St. Clair College creates regional skill trades training centre
The Windsor Star/Dave Waddell
Valiant TMS founder Michael Solcz Sr. believes the training and development centre his company created in 2008 to solve his company’s skilled labour shortage can do the same for all local industry now that St. Clair College is taking over the operation.
It was announced Friday the college has agreed to lease the building and all the equipment at Valiant’s training facility to form the St. Clair College Skilled Trades Regional Training Centre.
“We believe it is now time to expand the program to benefit the greater community and that St. Clair College is well positioned to drive that growth,” Solcz said.
Valiant trained more than 400 people at the centre in the past eight years. Solcz credits the centre with helping the company to continue to expand.
“We’ve graduated a number of people from this centre and two have already started their own businesses,” Solcz said. “That’s really my desire, that more people start up tool shops. It’s the way to attract more investment.”
St. Clair president Patti France said the college won’t change anything about the program other than a desire to expand it.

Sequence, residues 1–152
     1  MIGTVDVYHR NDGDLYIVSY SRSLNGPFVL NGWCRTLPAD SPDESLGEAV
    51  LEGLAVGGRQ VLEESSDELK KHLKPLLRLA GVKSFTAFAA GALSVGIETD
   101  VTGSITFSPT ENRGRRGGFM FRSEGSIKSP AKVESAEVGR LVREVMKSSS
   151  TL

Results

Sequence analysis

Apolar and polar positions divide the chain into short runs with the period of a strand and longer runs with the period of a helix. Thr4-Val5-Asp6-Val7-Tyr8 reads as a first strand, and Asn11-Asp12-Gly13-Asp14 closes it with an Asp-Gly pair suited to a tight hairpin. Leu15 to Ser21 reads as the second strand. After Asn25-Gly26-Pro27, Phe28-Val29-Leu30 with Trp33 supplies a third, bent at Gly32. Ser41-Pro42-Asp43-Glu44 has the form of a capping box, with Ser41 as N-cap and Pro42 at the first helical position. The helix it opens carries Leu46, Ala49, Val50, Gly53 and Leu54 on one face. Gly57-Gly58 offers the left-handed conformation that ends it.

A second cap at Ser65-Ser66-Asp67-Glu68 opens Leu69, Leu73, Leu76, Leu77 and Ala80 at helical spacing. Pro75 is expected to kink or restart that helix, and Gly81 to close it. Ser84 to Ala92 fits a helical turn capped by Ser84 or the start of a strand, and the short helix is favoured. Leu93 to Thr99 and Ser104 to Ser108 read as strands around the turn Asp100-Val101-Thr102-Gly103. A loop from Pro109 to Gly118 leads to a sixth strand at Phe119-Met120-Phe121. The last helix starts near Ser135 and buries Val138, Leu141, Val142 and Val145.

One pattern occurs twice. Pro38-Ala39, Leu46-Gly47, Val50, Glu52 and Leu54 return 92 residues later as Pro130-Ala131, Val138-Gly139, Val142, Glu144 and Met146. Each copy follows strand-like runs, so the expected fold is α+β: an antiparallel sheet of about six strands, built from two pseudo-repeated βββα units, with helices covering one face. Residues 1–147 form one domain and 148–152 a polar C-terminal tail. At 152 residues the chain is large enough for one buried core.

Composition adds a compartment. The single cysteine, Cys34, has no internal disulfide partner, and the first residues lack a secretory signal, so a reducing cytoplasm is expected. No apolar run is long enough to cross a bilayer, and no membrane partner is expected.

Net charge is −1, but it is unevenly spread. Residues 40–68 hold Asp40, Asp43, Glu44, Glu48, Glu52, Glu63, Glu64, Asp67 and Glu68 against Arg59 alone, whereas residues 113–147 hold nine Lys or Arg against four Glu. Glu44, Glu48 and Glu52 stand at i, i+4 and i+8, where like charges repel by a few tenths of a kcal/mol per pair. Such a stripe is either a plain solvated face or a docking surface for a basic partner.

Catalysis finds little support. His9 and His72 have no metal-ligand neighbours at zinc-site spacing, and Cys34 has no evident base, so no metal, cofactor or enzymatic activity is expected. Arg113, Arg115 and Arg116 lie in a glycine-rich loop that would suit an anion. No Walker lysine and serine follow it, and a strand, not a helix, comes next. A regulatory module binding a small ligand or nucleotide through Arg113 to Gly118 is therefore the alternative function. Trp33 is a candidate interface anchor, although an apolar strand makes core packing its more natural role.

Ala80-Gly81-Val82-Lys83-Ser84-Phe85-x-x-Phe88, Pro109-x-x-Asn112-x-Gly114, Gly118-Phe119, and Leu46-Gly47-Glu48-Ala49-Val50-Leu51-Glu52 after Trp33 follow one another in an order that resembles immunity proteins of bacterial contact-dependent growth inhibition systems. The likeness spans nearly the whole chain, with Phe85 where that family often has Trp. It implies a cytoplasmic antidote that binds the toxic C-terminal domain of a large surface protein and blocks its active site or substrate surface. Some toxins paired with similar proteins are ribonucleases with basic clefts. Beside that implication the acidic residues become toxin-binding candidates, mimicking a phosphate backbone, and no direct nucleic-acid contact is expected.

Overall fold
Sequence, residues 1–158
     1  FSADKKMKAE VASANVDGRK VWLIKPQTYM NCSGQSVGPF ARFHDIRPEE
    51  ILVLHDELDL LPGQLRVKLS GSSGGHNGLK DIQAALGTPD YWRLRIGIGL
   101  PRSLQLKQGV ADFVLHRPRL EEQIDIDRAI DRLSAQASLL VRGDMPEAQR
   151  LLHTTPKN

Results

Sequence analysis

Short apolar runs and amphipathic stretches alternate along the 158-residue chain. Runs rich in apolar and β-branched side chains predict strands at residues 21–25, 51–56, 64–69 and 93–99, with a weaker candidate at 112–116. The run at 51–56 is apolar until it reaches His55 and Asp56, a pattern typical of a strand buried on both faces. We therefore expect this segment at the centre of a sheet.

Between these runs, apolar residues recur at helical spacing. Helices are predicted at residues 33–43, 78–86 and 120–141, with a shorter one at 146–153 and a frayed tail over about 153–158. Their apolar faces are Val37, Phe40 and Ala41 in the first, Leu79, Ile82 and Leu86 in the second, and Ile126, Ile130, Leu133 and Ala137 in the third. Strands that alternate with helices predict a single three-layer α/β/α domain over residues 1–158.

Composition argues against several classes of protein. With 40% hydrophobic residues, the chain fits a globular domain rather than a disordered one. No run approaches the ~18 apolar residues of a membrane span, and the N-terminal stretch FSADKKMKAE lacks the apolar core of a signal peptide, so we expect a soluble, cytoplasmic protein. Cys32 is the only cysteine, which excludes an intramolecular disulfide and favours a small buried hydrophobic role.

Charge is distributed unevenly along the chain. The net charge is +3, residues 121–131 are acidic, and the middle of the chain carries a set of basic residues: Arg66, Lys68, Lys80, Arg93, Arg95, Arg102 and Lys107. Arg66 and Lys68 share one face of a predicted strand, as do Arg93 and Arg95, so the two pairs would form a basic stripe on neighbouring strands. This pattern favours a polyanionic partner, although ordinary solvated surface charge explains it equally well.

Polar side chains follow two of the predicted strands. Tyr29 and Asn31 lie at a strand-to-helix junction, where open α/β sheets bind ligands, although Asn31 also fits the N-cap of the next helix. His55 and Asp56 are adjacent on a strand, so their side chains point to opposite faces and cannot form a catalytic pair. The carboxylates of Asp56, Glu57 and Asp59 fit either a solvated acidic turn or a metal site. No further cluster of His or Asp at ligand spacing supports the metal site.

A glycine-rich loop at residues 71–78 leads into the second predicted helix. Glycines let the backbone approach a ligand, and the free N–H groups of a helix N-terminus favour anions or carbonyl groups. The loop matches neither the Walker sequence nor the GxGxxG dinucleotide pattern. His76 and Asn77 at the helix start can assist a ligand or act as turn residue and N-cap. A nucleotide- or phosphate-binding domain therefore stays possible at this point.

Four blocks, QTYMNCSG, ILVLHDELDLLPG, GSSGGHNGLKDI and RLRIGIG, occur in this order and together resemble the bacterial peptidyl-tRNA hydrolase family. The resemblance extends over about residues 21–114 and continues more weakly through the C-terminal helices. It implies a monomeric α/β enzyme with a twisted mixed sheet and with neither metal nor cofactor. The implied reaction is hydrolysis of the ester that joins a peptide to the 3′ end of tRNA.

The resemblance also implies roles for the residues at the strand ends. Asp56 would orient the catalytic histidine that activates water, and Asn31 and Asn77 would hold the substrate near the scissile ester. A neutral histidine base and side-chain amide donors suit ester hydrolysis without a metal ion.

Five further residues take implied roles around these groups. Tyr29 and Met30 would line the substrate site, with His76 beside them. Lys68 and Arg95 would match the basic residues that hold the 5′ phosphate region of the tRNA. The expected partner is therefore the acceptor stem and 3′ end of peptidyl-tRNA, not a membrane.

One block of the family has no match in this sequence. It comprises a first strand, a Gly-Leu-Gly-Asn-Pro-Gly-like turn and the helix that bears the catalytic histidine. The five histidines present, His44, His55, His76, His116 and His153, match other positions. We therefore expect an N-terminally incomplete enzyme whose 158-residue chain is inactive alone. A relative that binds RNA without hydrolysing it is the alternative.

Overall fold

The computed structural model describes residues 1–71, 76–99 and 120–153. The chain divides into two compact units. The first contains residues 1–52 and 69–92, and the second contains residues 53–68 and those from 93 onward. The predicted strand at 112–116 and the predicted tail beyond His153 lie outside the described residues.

“What makes college education strong is experiential learning and work-integrated learning.” France said.
“I’m hopeful not only that we continue what we’re doing here, but that we expand work-integrated learning into some of the other skilled trades and engineering programs we have.”
France said an important part of the program is to continue the earn-as-you-learn concept that Valiant started. Students are paid $12 per hour while they train.
To run the 46-week program, St. Clair has hired Mike Ouellette, Valiant’s director of training, as the regional centre’s general manager. Another 11 Valiant employees will also shift onto the college payroll.
“The centre is meant to be self-sustaining,” said Ouellette, who put 110 students through the program last year. “The employees will be paid from revenues we receive from companies for which we are doing work.
“This is going to be a big win for industry and for our youth.”
Ouellette said the college is hoping to have its first intake of students this spring. As those currently on site finish up their training, new students will replace them.
“We haven’t settled on a number of students we could handle yet,” Ouellette said.
France said the college will benefit from getting access for more hands-on training for some of its students that don’t currently have placement programs.
Students in precision metal cutting, mechanical engineering technician, CAD-CAM, millwright and mechanical engineering technologist could soon have those opportunities.
Jonathon Azzopardi, chair of the Canadian Association of Mould Makers, said the centre is another important step in keeping this region ahead of other centres in developing homegrown talent.
“A centre like this is a common area for students, industry and academia to come together,” Azzopardi said.
“That’s how you move forward. If any one of those elements tries to do it on their own, you fail.”